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Cheat Sheet

Study Skills For Dummies (UK Edition)

Studying needn’t be stressful. With the right approach, you’ll find that you can handle research, essay writing and exam preparation with ease. Use this Cheat Sheet to find out how to make the most of your time and improve your grades.

Feedback Form for Your Coursework Assignments

Having a record of the feedback from your work assignments is extremely useful. Feedback enables you to see how your study skills are progressing, and what areas you need to build on. If your subject area doesn’t already use one, ask your tutors if they can fill this form in for you for each piece of written work you submit.

Name Good Satisfactory Needs Improvement Suggestions
Answers question
Refers to appropriate sources
Balance between sources and own ideas
Argument
Analysis
Reasoned conclusion
Use of charts, diagrams and artwork
General layout and presentation
Punctuation and grammar

Key Critical Thinking Skills for Great Essay-Writing

Changing the way you consider and process information can help you to improve the structure and clarity of your arguments and conclusions. This list gives a few tips you can use to boost your critical thinking. You’re well on your way to being a genius at essay-writing.

  • Reflecting on what you’re told. Take time out to consider your reaction to information. Do you agree with it? Are you surprised or excited by it? Do you think it links to other information you have? If you disagree or disbelieve it, why? What would convince you to agree with or believe in it?

  • Observing how information is presented. Is it in a paragraph, a table, an illustration, a graph, map or chart? Can you think better ways to improve how you present information you have read about? Which formats would and wouldn’t be appropriate for the content?

  • Comparing new information with previous knowledge. Does the new information extend or confirm your previous knowledge, and how does it do this? Does it add more instances, or contradict it with results that are different?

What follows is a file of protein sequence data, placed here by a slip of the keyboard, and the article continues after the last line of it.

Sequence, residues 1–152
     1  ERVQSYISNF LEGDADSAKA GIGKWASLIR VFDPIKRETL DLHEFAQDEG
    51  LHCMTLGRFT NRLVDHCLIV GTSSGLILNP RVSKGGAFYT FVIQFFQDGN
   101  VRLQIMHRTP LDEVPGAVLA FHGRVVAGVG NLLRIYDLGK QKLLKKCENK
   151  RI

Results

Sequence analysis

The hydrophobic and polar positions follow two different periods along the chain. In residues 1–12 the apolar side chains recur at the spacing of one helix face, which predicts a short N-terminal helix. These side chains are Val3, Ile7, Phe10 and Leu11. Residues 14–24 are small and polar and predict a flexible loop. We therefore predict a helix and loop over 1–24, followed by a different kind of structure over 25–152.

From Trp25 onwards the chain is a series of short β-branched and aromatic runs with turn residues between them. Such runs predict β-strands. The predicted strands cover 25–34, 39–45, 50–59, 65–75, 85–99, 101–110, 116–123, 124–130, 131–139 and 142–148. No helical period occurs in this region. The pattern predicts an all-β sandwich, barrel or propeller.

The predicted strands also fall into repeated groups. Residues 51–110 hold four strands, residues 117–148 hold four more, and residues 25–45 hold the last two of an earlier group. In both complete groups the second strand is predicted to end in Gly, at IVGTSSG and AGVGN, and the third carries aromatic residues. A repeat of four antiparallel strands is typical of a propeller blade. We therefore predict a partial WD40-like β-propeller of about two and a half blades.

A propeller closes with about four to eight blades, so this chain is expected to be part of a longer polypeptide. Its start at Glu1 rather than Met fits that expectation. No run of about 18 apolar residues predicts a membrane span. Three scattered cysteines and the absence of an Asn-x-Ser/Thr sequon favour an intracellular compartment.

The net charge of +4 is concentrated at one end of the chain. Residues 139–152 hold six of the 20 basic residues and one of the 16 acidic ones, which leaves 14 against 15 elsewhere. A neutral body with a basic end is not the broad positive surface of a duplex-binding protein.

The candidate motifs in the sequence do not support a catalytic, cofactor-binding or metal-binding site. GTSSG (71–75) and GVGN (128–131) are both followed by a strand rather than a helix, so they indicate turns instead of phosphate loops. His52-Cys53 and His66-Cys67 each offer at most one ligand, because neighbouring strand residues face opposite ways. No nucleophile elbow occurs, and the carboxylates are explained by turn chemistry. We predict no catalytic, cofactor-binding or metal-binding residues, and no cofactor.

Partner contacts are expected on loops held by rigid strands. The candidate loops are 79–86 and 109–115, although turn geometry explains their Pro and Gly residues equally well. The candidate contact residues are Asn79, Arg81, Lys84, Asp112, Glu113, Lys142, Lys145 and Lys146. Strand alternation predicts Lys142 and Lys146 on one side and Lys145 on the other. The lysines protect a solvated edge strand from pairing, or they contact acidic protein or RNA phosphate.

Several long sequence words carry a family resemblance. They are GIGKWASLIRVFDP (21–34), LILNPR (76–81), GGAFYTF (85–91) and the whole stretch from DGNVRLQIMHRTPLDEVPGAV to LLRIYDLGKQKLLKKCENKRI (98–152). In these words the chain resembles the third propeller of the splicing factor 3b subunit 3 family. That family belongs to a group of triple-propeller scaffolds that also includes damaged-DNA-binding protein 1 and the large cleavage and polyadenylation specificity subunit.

• Considering the status or reputation, skills and abilities of who is giving you information. Always ask what the possible bias of any information source might be: What’s in it for them? Is the information source reliable, and how can you be sure of this?

  • Distinguishing between fact, hypothesis and opinion. Facts are truths and realities, and what evidence exists to prove. Hypotheses are theories or ideas which need to be tested by academic enquiry. Opinion is personal, based on impressions, experience and perhaps limited research – you can’t demonstrate opinions objectively.

  • Identifying the conclusion of an argument. Conclusions are what you’re left with after a discussion or argument. Conclusions, like the truth, aren’t always simple.

  • Identifying the stages in an argument. The stages in an argument show the links and thought process between the information given and the conclusion.

  • Evaluating the quality of the evidence presented. How good is the evidence? Where and who did it come from? How was it acquired? Always ask who gains and who loses.

  • Being aware of what hasn’t been discussed and wondering why not. Sometimes data or key points of information are missing from a data set. Always ask yourself what the data isn’t telling you, as well as what it is.

  • Analysing and evaluating the argument. Evaluating data means giving it a value – not quite marks out of ten but sufficient to answer these questions: Is the argument or conclusion good? Does it explain all the circumstances or only some? Does it have flaws, or leave awkward examples out? How could I make it better?

  • Making inferences, decisions and judgements. Making an inference is when you draw a conclusion from what’s suggested but not explicitly stated. Decisions usually involve choices, and come after you’ve evaluated the different possibilities. Judgements, similarly, come after evaluations and usually state a preference for one thing over another after you’ve investigated both.